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  11. boneyguy

    boneyguy Doctor of Teleocity

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    I agree with you.....I've used 0000 for years on tarnished frets and it doesn't leave any scratches...nice bright frets is all..400 paper sure would scratch though. I re-fretted a friend's Strat not long ago and I usually just do a 0000 polish after crowning but this time I used my Dremel and some metal polish....there really was no appreciable difference between the two....not that would make a difference in playing anyway....maybe a bit brighter after using the Dremel.

    They are very differently shaped abrasive surfaces (rough, irregularly shaped grit vs. long homogenous sharp edges) so I'm guessing that makes the difference. Like the difference between sanding wood and scraping or planing it....

    I may have tried wool on a rosewood fretboard before I suppose but it's not something I have done for a long time I would say....I don't see a reason to do it.
     
    Last edited: Jun 1, 2019
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  12. jondanger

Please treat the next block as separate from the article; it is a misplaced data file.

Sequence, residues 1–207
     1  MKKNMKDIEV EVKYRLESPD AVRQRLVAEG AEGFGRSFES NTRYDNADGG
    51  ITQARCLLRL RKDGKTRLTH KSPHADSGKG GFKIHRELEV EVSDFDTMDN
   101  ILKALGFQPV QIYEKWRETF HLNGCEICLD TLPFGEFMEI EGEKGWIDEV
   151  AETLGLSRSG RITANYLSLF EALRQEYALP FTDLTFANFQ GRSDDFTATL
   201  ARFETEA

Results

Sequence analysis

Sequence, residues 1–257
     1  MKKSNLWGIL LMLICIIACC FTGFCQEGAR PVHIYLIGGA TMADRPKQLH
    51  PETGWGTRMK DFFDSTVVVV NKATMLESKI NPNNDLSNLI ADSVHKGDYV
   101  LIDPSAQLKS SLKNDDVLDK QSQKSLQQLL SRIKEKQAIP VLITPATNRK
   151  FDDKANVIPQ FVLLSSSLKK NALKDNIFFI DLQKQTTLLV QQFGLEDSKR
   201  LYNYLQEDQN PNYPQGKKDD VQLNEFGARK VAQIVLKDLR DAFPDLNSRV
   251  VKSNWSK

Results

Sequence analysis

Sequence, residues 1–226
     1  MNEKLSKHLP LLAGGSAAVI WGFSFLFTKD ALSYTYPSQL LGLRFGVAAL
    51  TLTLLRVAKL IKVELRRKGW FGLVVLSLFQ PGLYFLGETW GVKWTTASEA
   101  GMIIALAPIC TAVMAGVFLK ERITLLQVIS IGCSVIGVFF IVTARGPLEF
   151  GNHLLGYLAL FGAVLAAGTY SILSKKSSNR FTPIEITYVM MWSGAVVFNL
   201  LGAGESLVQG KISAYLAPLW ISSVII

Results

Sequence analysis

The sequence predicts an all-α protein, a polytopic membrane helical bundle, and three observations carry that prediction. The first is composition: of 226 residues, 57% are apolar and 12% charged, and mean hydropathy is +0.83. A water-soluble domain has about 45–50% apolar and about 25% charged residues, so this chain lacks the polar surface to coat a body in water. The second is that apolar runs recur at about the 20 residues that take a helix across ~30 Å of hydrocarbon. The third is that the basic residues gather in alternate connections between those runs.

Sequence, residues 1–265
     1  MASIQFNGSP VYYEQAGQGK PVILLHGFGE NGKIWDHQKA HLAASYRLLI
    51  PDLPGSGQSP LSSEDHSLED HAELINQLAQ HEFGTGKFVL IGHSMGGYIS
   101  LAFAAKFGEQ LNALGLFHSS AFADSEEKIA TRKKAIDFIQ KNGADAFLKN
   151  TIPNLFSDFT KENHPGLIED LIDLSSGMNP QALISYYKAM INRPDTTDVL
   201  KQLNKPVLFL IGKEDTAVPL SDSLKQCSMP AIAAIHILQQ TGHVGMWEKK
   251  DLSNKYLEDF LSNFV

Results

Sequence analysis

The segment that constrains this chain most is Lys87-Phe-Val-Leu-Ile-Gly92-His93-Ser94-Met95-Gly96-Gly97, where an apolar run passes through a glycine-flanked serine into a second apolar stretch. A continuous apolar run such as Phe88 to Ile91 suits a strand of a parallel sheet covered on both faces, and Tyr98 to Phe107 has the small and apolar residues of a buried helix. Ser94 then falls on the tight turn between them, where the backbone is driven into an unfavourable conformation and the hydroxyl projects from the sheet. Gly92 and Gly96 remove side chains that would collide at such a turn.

jondanger Poster Extraordinaire

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    I used to use 0000, but now I use Magic Erasers. We have them around the house anyway and they do the same thing without having to tape off.

    My leftover 0000 goes in the gaps of this hundred year old house to keep the mouses out.
     
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  13. Toto'sDad

    Toto'sDad Telefied Ad Free Member

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    I have never been able to get a fretboard dirty enough that fast fret didn't clean it up. I probably wouldn't use steel wool, unless I didn't like the guitar very much. Hey you, yeah I'm talkin' to you sittin' over there on that stand acting like you ain't got a care in the world, did you hear what I said about not using the steel wool, unless?